I think it might have to do with the Commercial Real Estate failure wave that's about to hit. Seattle is the worst in the US, with a 32.7 percent delinquency rate for construction and land loans. We sat out about half the housing bust; we may not do so well in CRE. But everyone knows this is coming; why are so many banks in such a hurry right fucking now to get cash in house?
It might also be commodities. Dr. Roubini at RGE Monitor thinks oil is overpriced, but more importantly, that this is part of a speculative commodities bubble fuelled by the US dollar carry trade, and it'll pop badly, soon. There are persistent rumours that banks have been heavily involved, particularly in oil - as they were a year and a half ago - but we don't know.
This isn't the only way banks are trying to acquire hard cash. I already posted about Citibank and Infibank's shenanigans earlier today, but they aren't alone. Bank of America plans credit card annual fees for borrowers who pay off every month. (Side note: Interestingly, it looks like BoA CEO Ken Lewis lied to the feds to get $20B not to cancel the Merrill Lynch merger. That's fun.) And Citigroup has started levying fees on some cardholders who don't charge $2400 a year or more. Both of these banks have very high exposure to "riskier credit card borrowers," but both also just want a lot more cash any way they can and are willing to lose a lot of customers to do it.
Everybody's preparing for something. I just don't know, exactly, what.
Anyway, here are other items to follow for the weekend. Enjoy:
US Dollar Update:
US dollar bulls, here's your thesis, by Ambrose Evans-Pritchard of the Telegraph. The third attempt by the US dollar index to break substantially below 75 failed, by the way. The Telegraph article talks about Britain being one of the Sick Men of Europe; that's certainly validated by the shock third quarter economic decline in the UK.
Dollar bears, please enjoy Lazard Asset Management dumping the US dollar entirely in favour of Pound Sterling. Oh, and some Latin American countries have put together a regional currency called the Sucre for inter-state trade; The Australian (newspaper) says the "move echoes the European Union's introduction of the euro precursor, the ECU, an account unit designed to tie down stable exchange rates between member states before the national currencies were scraped." This isn't considered a big deal for the US dollar, but I note it.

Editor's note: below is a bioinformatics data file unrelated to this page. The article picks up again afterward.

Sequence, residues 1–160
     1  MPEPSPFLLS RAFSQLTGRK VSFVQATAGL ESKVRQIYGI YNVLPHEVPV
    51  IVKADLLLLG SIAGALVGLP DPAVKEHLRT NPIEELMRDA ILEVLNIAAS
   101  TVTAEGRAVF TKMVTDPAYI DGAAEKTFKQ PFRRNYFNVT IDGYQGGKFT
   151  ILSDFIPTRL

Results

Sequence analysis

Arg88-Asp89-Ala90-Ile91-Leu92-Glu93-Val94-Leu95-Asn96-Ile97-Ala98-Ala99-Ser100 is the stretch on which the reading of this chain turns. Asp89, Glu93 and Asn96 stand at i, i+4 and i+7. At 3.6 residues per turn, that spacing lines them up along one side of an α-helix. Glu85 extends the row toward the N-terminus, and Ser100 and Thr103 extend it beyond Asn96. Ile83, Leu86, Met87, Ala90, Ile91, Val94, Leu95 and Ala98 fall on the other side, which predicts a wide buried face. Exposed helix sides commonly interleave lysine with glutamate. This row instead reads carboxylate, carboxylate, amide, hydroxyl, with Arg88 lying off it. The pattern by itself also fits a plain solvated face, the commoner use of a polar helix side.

Sales of existing houses jumped sharply in September as people rushed to meet the tax credit deadine for purchases. (NAR press release here.) Some call the median price falling to $174,900 the bad news hidden in the report; I don't, since that's getting kinda-sorta close to historical average as a multiple of income. I call that good news. The bad news is that the shrinking reported months of inventory ignores the seven million houses in the foreclosure queue. Everyone's expecting sales to drop though the floor again after tax credit expiration (c.f. auto sales after the end of Cash for Clunkers) so you're seeing calls for an extension and expansion. (See also here.) Next month will be interesting, obviously.
Delinquencies on existing mortgages continue to rise, with Freddie Mac's September delinquency rate at 3.33%, up from 3.13% in August, and from 1.2% in September 2008. Hedgie has more to say on this topic here.
Union Pacific notes that rail traffic has stabilised, but "at very low levels." Still, "not going down" anymore is good.
Mish Shedlock looks at the weekly unemployment claims report, and thinks we're solidly past peak for this cycle - but are still far above the level yet needed to see reductions in even the official unemployment rate.
60% of small businesses report cash flow issues, which is above one year ago. Part of this is decreasing credit availability, part of it is larger firms changing payment schedules from 30 days to 120 days. This is all worse than one year ago.
And that's all for now. Be careful out there, people, and good luck.